Biomass Energy, Carbon Removal and Permanent Sequestration - A "Real Option" for Managing Climate Risk

Obersteiner, M. ORCID:, Azar, C., Moellersten, K., Riahi, K. ORCID:, Moreira, J.R., Nilsson, S., Read, P., Schrattenholzer, L., et al. (2002). Biomass Energy, Carbon Removal and Permanent Sequestration - A "Real Option" for Managing Climate Risk. IIASA Interim Report. IIASA, Laxenburg, Austria: IR-02-042

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The United Nations Framework Convention on Climate Change (UNFCCC) calls for stabilization of greenhouse gases (GHGs)at a safe level, and it also prescribes precautionary measures to anticipate, prevent, or minimize the causes of climate change and mitigate their adverse effects. In order to achieve this goal, such measures should be cost-effective and scientific uncertainty on threats of serious or irreversible damage should not be used as a reason for postponing them. In this sense, the UNFCCC can be understood as a responsive climate management scheme that calls for precautionary and anticipatory risk management, where in a continuous sense-response mode, expected climate-related losses are in an uncertainty augmented analysis balanced against adaptation and mitigation costs.

In this paper we investigate a component of a wider technological portfolio of climate risk management. In particular, we will investigate the properties of biomass-based sequestration technologies with respect to their potential role in climate risk management. We use the theory of modern asset pricing, commonly known as real option valuation, in order to assess this technology on global and long-term scales. Biomass energy can be used to produce both carbon neutral energy carriers, e.g., electricity and hydrogen, and at the same time offer a permanent CO2 sink by capturing carbon from the biomass at the conversion facility and permanently storing it in geological formations. To illustrate the long-term potential of energy-related biomass use in combination with carbon capture and sequestration, we performed an ex post analysis based on a representative subset of the Intergovernmental Panel on Climate Change (IPCC) reference scenarios developed with the MESSAGE-MACRO modeling framework. The cumulative carbon emissions reduction in the 21st century may exceed 450 gigatons of carbon, which represents more than 35% of the total emissions of the reference scenarios, and could lead, in cases of low shares of fossil fuel consumption, to net removal of carbon from the atmosphere (negative emissions) before the end of this century. The long-run technological potential of such a permanent sink technology is large enough to neutralize historical fossil fuel emissions and cover a significant part of global energy and raw material demand. The economic potential might turn out to be smaller, if the signposts of climate change do not require that negative emissions, as a real option, need to be exercised.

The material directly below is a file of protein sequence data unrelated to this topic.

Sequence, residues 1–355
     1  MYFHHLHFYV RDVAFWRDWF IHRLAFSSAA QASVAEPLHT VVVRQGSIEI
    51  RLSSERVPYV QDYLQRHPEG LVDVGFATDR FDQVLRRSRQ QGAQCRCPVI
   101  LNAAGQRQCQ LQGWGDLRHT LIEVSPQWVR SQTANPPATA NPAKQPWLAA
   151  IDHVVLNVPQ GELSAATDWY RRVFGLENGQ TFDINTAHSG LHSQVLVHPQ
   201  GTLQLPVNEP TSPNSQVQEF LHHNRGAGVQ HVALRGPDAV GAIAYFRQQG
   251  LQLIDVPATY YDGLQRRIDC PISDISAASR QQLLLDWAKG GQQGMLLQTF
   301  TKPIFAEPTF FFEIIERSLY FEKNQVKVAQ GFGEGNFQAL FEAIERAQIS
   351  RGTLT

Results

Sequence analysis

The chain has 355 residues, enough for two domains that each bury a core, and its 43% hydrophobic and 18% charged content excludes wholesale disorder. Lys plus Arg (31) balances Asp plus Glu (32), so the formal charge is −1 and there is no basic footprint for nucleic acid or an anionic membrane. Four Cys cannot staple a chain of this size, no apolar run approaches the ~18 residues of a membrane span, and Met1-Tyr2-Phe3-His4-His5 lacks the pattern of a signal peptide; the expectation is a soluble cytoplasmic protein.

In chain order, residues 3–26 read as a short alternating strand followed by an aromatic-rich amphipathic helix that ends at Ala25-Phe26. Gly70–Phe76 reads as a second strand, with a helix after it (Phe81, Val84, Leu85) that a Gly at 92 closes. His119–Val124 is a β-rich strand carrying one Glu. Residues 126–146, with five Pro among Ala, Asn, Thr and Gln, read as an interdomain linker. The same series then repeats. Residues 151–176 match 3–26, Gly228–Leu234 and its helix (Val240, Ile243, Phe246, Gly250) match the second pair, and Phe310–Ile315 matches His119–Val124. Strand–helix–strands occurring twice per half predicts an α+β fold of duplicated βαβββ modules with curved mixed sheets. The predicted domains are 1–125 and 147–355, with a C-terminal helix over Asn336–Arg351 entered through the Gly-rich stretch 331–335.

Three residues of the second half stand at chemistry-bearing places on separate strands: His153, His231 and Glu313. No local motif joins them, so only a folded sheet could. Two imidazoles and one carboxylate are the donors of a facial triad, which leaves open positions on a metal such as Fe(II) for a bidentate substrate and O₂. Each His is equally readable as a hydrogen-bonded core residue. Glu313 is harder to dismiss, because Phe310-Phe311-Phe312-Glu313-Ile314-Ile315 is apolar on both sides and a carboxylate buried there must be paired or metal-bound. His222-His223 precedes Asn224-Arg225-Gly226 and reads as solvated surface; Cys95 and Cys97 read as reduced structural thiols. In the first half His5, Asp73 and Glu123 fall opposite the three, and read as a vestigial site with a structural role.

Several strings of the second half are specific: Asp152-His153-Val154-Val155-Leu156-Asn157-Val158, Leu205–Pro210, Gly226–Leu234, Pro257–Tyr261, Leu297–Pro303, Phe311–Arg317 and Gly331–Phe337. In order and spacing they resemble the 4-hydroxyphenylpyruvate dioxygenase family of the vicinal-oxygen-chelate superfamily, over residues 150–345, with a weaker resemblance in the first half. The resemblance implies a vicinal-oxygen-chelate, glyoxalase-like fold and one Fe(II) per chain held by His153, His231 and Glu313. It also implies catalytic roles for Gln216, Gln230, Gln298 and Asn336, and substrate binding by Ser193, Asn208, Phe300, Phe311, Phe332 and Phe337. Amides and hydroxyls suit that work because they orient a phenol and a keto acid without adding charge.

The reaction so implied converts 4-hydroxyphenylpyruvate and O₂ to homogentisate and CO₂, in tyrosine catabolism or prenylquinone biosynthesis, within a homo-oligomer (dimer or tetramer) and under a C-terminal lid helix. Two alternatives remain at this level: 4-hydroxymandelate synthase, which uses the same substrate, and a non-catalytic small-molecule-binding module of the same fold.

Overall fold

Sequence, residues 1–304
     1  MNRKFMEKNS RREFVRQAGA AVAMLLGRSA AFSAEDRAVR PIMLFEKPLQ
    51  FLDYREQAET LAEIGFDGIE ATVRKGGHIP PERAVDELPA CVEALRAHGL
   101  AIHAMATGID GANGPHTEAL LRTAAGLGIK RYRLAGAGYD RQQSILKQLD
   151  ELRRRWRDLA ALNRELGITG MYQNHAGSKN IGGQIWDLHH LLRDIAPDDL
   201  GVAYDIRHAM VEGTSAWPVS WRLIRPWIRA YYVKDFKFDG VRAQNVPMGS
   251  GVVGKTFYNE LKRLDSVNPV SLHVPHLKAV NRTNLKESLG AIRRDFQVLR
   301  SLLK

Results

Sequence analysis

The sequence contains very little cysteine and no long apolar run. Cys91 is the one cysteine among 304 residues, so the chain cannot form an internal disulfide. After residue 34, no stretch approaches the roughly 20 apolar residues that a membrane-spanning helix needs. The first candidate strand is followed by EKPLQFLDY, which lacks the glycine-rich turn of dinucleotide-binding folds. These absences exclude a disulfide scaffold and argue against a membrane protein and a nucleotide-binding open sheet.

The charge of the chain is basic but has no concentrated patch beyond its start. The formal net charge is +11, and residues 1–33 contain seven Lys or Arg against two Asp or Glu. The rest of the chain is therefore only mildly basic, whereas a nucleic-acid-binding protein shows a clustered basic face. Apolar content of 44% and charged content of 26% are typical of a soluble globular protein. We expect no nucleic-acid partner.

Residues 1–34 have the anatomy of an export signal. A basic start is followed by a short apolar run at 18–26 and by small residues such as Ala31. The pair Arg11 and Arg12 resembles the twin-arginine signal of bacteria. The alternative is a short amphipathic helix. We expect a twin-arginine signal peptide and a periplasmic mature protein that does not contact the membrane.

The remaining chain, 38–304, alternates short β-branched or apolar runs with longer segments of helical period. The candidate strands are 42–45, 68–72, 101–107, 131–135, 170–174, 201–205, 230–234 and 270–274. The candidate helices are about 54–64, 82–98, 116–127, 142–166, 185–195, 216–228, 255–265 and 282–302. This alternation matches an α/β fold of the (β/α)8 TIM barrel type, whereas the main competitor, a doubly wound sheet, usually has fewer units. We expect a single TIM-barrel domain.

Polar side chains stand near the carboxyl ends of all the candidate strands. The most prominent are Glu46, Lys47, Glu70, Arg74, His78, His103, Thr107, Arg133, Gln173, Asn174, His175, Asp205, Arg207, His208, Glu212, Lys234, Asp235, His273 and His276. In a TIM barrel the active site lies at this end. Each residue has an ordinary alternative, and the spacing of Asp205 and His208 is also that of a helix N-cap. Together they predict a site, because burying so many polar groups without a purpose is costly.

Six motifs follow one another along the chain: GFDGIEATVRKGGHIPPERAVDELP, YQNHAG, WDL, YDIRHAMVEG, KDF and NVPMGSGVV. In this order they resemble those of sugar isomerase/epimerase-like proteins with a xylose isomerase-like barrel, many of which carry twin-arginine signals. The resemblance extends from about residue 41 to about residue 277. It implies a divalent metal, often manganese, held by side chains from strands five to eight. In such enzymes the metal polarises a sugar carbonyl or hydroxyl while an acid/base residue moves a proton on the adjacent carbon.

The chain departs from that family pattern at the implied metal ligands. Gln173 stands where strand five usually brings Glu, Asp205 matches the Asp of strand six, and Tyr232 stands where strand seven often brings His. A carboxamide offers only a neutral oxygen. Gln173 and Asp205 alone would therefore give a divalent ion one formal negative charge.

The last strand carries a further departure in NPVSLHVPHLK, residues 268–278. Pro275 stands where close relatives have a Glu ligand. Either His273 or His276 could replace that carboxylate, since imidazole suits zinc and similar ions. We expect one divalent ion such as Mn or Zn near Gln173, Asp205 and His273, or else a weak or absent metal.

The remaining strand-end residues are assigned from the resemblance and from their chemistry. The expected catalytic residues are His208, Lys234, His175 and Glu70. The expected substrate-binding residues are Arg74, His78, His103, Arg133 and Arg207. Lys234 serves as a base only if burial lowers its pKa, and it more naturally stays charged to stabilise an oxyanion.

The main policy conclusion is that investments in both expanding the absorptive capacity for carbon (expanding carbon stocks) and research and development (R&D) investments for developing negative emission technologies as a viable technology cluster should not only be (socially) priced against all other mitigation technologies by simple Net Present Value calculation (working only with the average expected loss), but according to a real option valuation given the full uncertainty spectrum of expected (economic) losses due to human induced climate change. The questions of how much and when sinks have to be committed as real options for robust climate management depend on the properties of the climate signal and the nations' degree of risk aversion -both are yet to be fully quantified.

Item Type: Monograph (IIASA Interim Report)
Research Programs: Energy (ENE)
Transitions to New Technologies (TNT)
Environmentally Compatible Energy Strategies (ECS)
Forestry (FOR)
Depositing User: IIASA Import
Date Deposited: 15 Jan 2016 02:14
Last Modified: 27 Aug 2021 17:17

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